Katrame is an experimental electronic band mixing elements of Synthwave and Goth to create a uniquely rhythmic yet ambient sound. The trio from Athens, Greece accurately describe their own style as, “sturdy basslines and electronic beats combined with dark melodies, aiming to create emotional soundscapes and images.”
Earlier this year the band released their debut album “Sose,” on Amour Records | EMI Records. The eight song collection introduces us to Katrame’s world of lyrically visual, cinematic and percussive darkwave music. Each song mixes the organic and electronic. Live and looped guitar and bass lines jam with real and programmed drums and retro analog synths.
“Sose” (a Greek word meaning “Save us”) opens with “Mind at Stake.” The song is a cool psychedelic Joy Division-esque groove featuring atmospheric guitar and distorted bass. Lead vocalist, Michalis Papoulakos’ esoteric lyrics and Depeche Mode-inspired delivery eventually take us on an, “interstellar journey.”
After the ambient synths and earnest vocals of somber ballad, Cherry Dub,” the album takes an experimental path. The title track launches from Sonic Youth-style punk/electronic experimentation and then builds to a Bauhaus/Love and Rockets vibe. “Crossroads” has a cool anachronistic blues feel with a rootsy looped acoustic guitar riff paired to a modern abstract beat. The hypnotic organic groove builds with the addition of keys, guitars and other effects.
The gated lo-fi beat of “All You Want” brings to mind the more experimental U2 stuff, like “Numb.” As the song progresses, bass heavy piano chords add a gothic mood to match the song’s emotionally dark lyrics. The last two minutes of the track evolve into a jazzy jam.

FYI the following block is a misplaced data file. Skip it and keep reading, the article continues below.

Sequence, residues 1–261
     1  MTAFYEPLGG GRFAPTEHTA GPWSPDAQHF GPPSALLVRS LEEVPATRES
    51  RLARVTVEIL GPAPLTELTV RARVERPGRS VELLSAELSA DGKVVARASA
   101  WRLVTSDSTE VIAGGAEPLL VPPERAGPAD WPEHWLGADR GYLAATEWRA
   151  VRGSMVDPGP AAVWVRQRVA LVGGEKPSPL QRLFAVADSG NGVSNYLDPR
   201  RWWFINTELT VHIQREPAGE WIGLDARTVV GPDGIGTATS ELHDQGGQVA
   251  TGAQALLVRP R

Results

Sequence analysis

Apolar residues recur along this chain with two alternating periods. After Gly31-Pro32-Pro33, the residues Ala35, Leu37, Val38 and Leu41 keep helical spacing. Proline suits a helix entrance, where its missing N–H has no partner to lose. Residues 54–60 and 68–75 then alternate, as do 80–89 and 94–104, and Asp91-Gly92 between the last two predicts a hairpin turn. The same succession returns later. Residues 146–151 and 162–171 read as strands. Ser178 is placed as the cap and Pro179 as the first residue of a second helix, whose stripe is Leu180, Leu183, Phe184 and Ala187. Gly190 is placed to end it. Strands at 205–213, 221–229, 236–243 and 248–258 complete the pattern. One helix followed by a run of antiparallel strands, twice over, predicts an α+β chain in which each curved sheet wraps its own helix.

“Round One” and “Round Two” follow. The songs are a pair of instrumental drum and bass grooves. The songs build with ever increasing intensity. Samples, guitars and synths create a rich horizon of sound. The two tracks remind me of some early Police instrumentals like “Behind My Camel” or “Regatta de Blanc.”
The album ends on the emotional “Once More.” The track sounds like a long lost post-modern Leonard Cohen experiment. As is the case with much of “Sose,” we are drawn in by the song’s indiscernible point in time of origin. Katrame’s sound is simultaneously modern and retro. The closing track’s epic Art-Rock coda is further evidence of their existence outside the normal linear flow of time. It’s a great listen.
Check out “Sose” on the Deep Indie Dive playlist. Follow the links below to connect with Katrame. Get in the loop on all this exciting band has planned for the future.